This allows us to be able to identify if a person is falsifying many surveys.  FFT analysis is employed to determine the “data content” of each survey as well, providing more information for modeling. 
    The resulting filter, correlation matrix, and survey model is applied uniformly to all surveys.  Out of 7,500 undergraduate student surveys, 483 surveys were rendered invalid.  Inspection of the invalid surveys revealed a failure rate of 5%.  (24 of the 483 surveys were actually “good",2.5).

How is rank computed?

    The generic quick answer is that it is the average of student opinion ratings minus “variability of score”.  The “variability of score” is larger for low numbers of surveys, meaning that that school's ranking position is less trustably high or low.  Strict statistical variance is not instructive here because 'variance' is computed within a group of surveys — with only 1 survey, there is no variance.

The 'Variability' function decreases with the size of the sample set, applied equally to all institutions, making it an acceptably fair accounting form.  After 5 surveys, the variability of score drops to less than .3; after 10 surveys, it is less than .1.  After 20 surveys, there no significant variability in position.  Essentially, each school's score converges to a position as the number of surveys increases.

More specifically, Rank is computed by multiplying the importance of each variable selected by that variable and adding together.  The average of all matching surveys for a particular school is then taken.  From this, a 'variability' is computed — this is based upon the number of surveys.  If there is only 1 survey, and it ranks a school at a 10, then 1 more survey could come in, ranking a '0', which would give the school average a 5 (10/(1+1) = 5).  This is the lowest that the school 'could' be — given 1 more survey.  So this 'variability' is subtracted from the overall score, reducing it.  In this manner, schools that have more surveys have a more believable average than school with only 1 survey.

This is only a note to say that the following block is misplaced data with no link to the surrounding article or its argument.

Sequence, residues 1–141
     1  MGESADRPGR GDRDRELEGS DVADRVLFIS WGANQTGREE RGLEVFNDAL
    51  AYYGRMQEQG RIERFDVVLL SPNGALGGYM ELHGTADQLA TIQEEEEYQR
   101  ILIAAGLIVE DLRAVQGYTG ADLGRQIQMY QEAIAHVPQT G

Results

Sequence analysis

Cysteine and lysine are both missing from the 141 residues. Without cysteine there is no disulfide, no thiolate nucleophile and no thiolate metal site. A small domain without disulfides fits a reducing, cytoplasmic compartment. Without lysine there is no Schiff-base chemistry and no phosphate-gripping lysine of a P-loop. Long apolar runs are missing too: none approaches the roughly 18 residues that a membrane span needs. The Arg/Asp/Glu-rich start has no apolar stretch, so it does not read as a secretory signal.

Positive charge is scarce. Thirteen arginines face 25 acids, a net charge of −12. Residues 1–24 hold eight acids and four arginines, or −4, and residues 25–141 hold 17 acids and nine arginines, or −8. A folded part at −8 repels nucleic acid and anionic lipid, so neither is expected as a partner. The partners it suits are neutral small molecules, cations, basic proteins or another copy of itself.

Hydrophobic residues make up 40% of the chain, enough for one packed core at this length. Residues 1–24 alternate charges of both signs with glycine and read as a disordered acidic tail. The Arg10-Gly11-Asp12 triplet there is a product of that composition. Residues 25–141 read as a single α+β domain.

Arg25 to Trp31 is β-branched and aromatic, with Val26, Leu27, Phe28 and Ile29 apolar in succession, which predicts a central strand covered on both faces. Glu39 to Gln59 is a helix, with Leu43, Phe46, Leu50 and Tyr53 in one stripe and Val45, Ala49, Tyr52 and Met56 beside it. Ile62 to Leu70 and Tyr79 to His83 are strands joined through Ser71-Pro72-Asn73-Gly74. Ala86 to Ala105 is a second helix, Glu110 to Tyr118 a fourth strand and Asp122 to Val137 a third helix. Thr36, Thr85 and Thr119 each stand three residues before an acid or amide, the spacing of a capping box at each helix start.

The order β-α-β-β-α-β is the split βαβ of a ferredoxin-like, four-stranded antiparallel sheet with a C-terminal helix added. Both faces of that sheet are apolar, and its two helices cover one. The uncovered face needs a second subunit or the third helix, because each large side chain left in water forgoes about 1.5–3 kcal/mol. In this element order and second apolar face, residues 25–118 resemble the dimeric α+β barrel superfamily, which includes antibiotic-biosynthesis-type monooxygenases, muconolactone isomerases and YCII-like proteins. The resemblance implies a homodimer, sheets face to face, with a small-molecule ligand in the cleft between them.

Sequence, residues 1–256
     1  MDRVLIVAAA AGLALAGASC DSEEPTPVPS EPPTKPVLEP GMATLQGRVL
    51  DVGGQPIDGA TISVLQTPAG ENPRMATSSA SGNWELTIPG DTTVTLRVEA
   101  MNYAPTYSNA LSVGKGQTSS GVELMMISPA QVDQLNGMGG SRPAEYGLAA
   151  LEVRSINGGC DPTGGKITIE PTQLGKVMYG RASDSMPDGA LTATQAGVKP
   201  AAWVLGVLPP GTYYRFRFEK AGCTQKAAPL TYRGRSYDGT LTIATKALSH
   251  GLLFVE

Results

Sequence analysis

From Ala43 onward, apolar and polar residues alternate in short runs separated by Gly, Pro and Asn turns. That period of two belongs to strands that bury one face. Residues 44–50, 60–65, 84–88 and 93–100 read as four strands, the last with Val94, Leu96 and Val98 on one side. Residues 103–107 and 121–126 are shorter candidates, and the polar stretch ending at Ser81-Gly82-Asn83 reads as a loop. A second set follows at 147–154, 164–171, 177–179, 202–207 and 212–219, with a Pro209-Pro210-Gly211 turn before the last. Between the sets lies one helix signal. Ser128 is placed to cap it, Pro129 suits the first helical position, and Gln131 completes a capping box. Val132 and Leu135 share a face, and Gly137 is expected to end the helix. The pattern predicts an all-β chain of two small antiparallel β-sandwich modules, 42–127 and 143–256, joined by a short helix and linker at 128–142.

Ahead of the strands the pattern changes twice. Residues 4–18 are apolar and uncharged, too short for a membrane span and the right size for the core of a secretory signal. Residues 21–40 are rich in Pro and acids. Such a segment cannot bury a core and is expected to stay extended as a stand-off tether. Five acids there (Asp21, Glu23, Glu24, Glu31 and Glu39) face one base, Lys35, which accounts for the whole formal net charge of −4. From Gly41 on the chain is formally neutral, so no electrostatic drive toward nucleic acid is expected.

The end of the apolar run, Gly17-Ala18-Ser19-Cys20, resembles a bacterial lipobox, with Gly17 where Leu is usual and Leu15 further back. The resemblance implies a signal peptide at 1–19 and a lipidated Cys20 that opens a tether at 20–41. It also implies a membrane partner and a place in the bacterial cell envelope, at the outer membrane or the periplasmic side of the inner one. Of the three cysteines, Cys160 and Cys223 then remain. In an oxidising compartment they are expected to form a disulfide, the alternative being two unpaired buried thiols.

Sociology Major unemployment rate

_SociologyAll Majors
Minimum Wage%4%4
All Others%90%88
More: Unemployment for all Majors *** not counting stay at home parents *** not counting those currently in grad school

Are things going well in Sociology?

Going Well%84
Not Going Well%16
More: All Majors Satisfaction ??? This is a social "life satisfaction" question. Overall, would people who graduated with a degree in Sociology say that their life is going well? It could be interpreted in terms of stress, salary, long hours, future prospects, etc. *** not counting those currently in grad school

Graduates who stayed in Sociology

Still in Field%59
Got out%41
More: All Majors Still in field ??? A high "got out" percentage can be interpreted a couple of ways -- for instance, perhaps the major is a great stepping stone to becoming a totally different career -- like a doctor. Or perhaps the jobs one gets with the major just aren't that great. *** not counting those currently in grad school